If a church school in Brentwood were to teach the bible as literal fact could they risk being put in “special measures”?
Is there now a greater chance of more faith schools being created in Essex?
How independent from political meddling are Ofsted?
These are just some of the questions arising from the recent “Trojan Horse” controversy in Birmingham which, following an anonymous letter sent to the Department for Education (DfE) alleging “extremism” led to five schools being deemed “inadequate”.
One secondary school, Park View, had been visited only ten days previously by Ofsted who had issued minor warnings on a small section of their report. Incredibly, the same set of inspectors were then ordered back in and produced an entirely different report leaving parents and staff bewildered and angry.
The schools affected were not designated faith schools but, reflecting their largely Muslim intake, they were making allowances for those who wished to practice their religion as part of the school day. Their exam results had been noted as exceptional given the social background of the majority of students but now the effect of this has been identified by Ofsted as not providing a sufficiently broad and balanced curriculum.
Despite this controversy some have called for more, not less, faith schools as a consequence. While I can sympathise with those who argue that other religions are not treated in the same way as Christians in this matter, I am puzzled by the growth of faith schools over the past twenty years or so given that church attendance has fallen over that period.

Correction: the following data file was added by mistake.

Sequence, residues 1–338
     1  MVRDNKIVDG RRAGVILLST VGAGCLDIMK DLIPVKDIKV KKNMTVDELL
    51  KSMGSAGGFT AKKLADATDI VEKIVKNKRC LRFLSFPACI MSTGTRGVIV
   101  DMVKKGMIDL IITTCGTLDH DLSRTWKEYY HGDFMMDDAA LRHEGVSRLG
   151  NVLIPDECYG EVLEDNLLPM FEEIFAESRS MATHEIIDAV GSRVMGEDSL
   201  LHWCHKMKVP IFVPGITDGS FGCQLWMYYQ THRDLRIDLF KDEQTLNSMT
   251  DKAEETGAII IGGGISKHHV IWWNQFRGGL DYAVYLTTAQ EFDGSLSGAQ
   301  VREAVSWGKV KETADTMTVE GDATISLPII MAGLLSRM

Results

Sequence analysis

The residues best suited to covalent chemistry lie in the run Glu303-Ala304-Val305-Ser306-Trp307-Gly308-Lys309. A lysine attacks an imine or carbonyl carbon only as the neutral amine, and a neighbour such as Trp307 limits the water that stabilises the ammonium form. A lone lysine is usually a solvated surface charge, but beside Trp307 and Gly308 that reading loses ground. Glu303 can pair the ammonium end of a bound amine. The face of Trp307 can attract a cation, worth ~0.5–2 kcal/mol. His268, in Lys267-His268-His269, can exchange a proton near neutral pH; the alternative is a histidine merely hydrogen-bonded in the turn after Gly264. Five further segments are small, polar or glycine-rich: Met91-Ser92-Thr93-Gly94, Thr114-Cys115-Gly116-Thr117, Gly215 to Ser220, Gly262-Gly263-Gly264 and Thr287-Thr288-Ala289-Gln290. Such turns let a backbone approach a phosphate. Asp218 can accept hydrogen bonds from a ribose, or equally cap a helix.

According to figures in 2011, of the over 20,000 state schools in England, around a third are identified as faith schools. More than two thirds of those were C of E schools, 30% were Catholic, less than 60 existed for other faiths.
In Brentwood 14 schools out of 29 fall into this category, most historically established around the distinct parishes of the town, although the involvement of the church will vary dependent on status.
Voluntary Controlled (VC) schools were schools established by the church but have since been taken on fully by the local authority, Voluntary Aided (VA) schools still receive some financial support from the diocese and are allowed to select the vast majority of the board of governors as a consequence.
It may surprise some that the amount of financial support provided by the Church does not reflect their dominance of VA boards, they only provide up to 10% of capital and maintenance costs following reforms to school funding under faith school fan Tony Blair.
My puzzlement about this state of affairs is that it does not seem to reflect society itself.
A third of schools are faiths schools and yet, according to a 2007 Tearfund survey, only 15% professed to attend church once a month and only 6% more frequently than that.
So why do the number of faith schools not reflect that? We are told that the “ethos” of these schools appeals to non-church goers. The schools teach students to show respect to themselves and others, to be responsible, caring and community minded and to be the best they can be. But I fear the appeal is often about being part of a selective school.
I am not alone in being concerned about this. The incoming chief education officer for the Church of England, Rev Nigel Genders, stated in the Telegraph earlier this month that new schools they establish will have open admissions criteria to enable them to “serve the local community”.
Surely all state funded schools should be doing that as a matter of course?
Oh, and that ethos I described is by no means unique to church schools either. I copied it from the Shenfield High School website.